Medicines that could save lives abroad are being thrown away or incinerated, says a retired pharmacist.
Murray Kerr is chair of Medical Aid Abroad, an organisation that collects medical supplies donated by wholesalers, pharmacies and clinics and sends them to countries with a need for those medicines.
Drug wastage costs New Zealand about $40 million a year, and it is also difficult to dispose of unused medicines safely.
Many of the drugs the group collects have been returned to pharmacies by people who have had unpleasant side effects and so stopped taking them, he says.
The medicines are collected and sorted at Greenlane Clinical Centre in Auckland by a paid manager and a group of volunteers.
The pharmacies who know about the service send their unused supplies back to their wholesaler who then delivers them to Medical Aid Abroad. But Mr Kerr says many pharmacies don’t know about the service.
“When goods go back from the patients to the pharmacies they probably say ‘We’re going to put it in the rubbish bin’.”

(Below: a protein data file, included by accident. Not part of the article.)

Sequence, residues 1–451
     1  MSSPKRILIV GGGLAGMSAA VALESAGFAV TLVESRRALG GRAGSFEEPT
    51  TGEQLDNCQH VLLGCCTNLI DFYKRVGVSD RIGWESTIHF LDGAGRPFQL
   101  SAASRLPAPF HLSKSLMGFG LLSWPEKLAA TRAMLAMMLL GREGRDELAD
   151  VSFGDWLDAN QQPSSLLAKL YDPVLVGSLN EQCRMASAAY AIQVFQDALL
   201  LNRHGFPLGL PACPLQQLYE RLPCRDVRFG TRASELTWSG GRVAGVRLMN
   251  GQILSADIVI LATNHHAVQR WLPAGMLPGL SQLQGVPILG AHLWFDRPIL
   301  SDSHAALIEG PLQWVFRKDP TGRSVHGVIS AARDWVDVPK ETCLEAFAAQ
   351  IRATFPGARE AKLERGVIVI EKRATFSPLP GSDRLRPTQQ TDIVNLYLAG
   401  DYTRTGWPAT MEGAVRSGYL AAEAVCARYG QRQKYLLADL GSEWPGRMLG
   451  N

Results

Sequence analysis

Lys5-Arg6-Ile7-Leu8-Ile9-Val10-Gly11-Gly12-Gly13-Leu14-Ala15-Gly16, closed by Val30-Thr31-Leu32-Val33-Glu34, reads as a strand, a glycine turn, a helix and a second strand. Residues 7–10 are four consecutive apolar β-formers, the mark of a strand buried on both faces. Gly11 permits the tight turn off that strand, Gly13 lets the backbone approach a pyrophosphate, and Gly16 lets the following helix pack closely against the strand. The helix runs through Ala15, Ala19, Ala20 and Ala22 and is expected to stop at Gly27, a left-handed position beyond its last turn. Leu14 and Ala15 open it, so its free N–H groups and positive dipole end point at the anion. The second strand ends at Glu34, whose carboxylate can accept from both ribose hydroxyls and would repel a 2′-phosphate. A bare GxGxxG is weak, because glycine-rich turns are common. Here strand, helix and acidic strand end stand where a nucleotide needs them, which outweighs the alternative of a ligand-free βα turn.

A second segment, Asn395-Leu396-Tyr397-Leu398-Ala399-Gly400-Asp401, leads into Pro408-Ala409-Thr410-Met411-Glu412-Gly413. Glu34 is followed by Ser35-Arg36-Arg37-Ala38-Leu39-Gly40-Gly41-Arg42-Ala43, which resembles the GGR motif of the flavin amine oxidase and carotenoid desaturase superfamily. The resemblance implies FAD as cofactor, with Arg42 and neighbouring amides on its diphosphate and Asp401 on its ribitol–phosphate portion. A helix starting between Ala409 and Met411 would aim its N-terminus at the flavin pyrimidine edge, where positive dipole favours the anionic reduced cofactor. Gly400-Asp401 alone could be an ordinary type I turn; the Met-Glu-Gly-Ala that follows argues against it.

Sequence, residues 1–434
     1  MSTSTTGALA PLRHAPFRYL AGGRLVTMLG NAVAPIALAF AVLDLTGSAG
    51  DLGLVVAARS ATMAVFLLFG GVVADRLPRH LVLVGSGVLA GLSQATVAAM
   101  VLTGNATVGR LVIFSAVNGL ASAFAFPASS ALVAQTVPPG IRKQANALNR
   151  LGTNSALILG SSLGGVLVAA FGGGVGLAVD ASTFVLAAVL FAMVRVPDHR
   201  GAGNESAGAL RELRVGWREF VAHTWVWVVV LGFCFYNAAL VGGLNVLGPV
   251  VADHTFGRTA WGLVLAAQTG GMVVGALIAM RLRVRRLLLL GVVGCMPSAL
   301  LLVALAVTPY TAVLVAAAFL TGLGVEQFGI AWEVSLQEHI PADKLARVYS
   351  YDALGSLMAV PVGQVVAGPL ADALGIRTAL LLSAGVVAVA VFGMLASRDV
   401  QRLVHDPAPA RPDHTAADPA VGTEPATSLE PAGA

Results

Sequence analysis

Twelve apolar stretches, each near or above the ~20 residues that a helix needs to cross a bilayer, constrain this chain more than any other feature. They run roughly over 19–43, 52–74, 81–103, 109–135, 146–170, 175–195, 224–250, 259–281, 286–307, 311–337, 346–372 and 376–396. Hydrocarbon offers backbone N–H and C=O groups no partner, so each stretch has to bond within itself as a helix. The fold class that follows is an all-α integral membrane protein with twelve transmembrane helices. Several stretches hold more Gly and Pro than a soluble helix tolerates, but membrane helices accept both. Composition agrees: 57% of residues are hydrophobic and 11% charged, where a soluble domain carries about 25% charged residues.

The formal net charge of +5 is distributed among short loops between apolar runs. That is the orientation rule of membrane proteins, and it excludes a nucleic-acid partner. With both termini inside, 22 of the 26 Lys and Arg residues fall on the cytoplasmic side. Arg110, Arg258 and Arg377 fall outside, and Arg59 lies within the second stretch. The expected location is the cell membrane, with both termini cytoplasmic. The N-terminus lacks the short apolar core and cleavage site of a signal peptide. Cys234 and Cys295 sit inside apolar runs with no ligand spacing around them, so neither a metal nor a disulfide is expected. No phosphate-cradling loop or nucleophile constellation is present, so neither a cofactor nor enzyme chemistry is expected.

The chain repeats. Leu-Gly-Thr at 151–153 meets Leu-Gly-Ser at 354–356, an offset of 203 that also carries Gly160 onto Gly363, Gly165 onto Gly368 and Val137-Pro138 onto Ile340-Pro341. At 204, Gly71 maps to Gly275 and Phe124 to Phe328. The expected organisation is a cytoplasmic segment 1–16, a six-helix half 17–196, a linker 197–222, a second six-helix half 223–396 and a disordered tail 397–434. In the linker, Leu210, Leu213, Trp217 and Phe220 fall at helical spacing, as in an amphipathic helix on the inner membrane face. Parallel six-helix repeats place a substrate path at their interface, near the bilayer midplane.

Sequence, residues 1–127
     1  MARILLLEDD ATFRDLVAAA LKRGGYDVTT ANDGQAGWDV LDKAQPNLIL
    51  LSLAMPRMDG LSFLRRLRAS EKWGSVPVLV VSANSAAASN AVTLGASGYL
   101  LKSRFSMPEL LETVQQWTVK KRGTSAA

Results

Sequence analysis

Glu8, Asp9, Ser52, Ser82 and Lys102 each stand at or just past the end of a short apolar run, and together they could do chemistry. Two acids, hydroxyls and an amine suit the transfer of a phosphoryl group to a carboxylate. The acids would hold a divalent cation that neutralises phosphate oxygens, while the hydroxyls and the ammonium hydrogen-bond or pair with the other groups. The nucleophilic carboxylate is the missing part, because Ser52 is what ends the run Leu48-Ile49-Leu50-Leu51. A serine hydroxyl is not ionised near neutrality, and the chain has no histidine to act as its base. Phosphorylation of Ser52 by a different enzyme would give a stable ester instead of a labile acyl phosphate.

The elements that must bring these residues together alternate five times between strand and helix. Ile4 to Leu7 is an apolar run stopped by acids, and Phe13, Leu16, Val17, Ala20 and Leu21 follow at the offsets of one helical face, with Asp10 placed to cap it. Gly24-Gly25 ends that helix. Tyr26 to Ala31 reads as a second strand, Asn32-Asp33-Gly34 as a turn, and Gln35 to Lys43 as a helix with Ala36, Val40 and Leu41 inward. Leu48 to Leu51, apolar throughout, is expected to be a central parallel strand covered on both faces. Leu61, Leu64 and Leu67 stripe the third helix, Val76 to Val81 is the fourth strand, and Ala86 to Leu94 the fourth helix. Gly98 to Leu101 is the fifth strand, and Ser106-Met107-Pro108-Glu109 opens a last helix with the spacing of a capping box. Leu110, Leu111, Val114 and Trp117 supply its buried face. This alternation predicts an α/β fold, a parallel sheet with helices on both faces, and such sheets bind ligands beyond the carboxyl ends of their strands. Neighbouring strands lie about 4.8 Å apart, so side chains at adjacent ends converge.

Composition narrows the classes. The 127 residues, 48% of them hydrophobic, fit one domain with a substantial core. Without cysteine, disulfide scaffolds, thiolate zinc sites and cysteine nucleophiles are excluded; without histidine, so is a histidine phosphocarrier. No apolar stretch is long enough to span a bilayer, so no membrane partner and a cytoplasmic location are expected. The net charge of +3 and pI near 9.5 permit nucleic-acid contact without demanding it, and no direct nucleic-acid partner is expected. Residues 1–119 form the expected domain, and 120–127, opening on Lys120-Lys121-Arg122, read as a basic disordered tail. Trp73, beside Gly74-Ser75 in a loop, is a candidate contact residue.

Kerr says three years ago the New Zealand distribution of the drug flucloxacillin was taken over by a new company.
Flucloxacillin is a penicllin-based antibiotic useful in the South Pacific for skin and staphylococcal infections.
Medical Aid Abroad was contacted by the outgoing distributor and offered some leftover flucloxacillin, and they delivered 750,000 perfect brand new, in-date doses, he says.
Mr Kerr says the company would have incinerated the lot if Medical Aid Abroad hadn't found another use for them.
Which he says would have been an "awful crime".
Mr Kerr says pharmacies tend to throw out what can’t be used, including anything they can’t identify. But most drugs are now distributed in foil packs with expiry dates – as required by Medsafe – and are easily identifiable.
The group is Auckland-based, but has a small group in Christchurch and a branch is being set up in Dunedin, he says.
Yet many parts of New Zealand remain uncovered.
“We don’t get stuff from Nelson, Wellington or Hawke's Bay. We could probably triple our operation or quadruple it if we got some stuff from the rest of the country.”
The medicines go to countries such as Nepal, Fiji, Tonga, Tanazania, Papua New Guinea, Vanuatu, North Korea, South Sudan and East Timor.
The only cost to the recipient is the freight, he says.